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Why you need the horizon model

I notice that the 3 horizon model is a massively misunderstood concept. A lot of people think horizon 1 is what you should be doing this year, horizon 2 is about goals and tasks for the next few years and horizon 3 is the future. The time period varies. Some think horizon 2 is 2 to 5 years and horizon 3 is 5 to 10 years. For others the period is shorter.

Unfortunately, most don’t have the time to sit through a discussion on the horizon model and what you have is a shake of head and continuation with the belief that horizon model is built around planning periods.

Recently though I was reading Simon Wardley’s work (you can find it here) and it gave the input to build an easy to understand explanation.

Why do we need a 3 horizon outlook for our business?

The first hurdle for any business is understanding that the business is built on life cycles and the stage of life cycle you find yourself in, will dictate your business performance. The second important realization is that the stage of life cycle of your business is not determined by you, but by your environment.

Wardley identifies 4 stages of any product or business cycle; genesis, custom built, mature offering (product or service, including asset sale or rental) and commoditisation (asset sale or rental).

Genesis is the phase when the offering or business is still unique or newly discovered.

Custom-built is the phase when the offering is still uncommon and has been put together for a specific set of customer, often bespoke. It is built for a specific environment and focus is on refining and improving.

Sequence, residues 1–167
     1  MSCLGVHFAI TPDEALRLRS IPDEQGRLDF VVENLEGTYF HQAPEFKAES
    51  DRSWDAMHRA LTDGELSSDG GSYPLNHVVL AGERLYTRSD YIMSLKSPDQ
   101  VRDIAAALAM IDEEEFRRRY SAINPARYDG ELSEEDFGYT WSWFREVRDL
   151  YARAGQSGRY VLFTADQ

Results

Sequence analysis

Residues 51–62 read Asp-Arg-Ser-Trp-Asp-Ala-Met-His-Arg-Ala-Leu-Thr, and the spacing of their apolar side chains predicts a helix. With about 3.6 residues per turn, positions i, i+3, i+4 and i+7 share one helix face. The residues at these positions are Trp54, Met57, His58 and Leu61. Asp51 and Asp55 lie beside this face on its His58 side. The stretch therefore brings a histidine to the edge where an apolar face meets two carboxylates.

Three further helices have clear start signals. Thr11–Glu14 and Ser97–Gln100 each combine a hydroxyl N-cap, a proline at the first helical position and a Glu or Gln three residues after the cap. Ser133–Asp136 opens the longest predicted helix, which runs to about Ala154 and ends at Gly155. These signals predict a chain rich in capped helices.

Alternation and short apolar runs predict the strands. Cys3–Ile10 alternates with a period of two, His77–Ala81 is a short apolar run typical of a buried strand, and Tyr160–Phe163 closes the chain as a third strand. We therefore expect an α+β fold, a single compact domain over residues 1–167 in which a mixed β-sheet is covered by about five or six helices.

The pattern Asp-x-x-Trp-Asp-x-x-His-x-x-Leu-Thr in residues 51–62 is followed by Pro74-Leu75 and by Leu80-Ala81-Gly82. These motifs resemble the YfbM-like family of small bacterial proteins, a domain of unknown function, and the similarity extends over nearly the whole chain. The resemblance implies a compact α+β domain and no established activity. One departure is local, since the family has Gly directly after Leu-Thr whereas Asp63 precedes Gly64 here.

The mature offering phase is when the product has been standardized and can be reliably delivered to multiple customers and geographies. It is a phase when it can deliver profitability in a reliable manner.

Commoditization is the phase in which the offering is delivered on an industrialization model, large volumes and low margins. It is highly standardized, very little differentiation and is purely efficiency driven with low deviation from standards.

The challenge often faced by organization is that while they may be a new entrant, they could be entering a mature or commoditised environment.

As a business you have very little influence to limit the move towards commoditisation. Can you survive commoditisation? There are businesses that will always be commoditised such as utilities (water, power, etc.), resources such as minerals, metals, etc., agricultural produce, fertilizers, and many such items. Survival depends on scale, larger players can only survive. Evidence of this is the mega corporations that exists. So despite what the socialist might say, a small farmer can’t survive because the category is commoditised.

Every organization hence necessarily needs to have offerings that fit into all the stages of lifecycle. You need to have mature and/or commoditised offerings, have custom built offerings that have the potential to mature into profitable offerings and have ideas that are in the genesis phase that will move to custom built and eventually become mature offerings.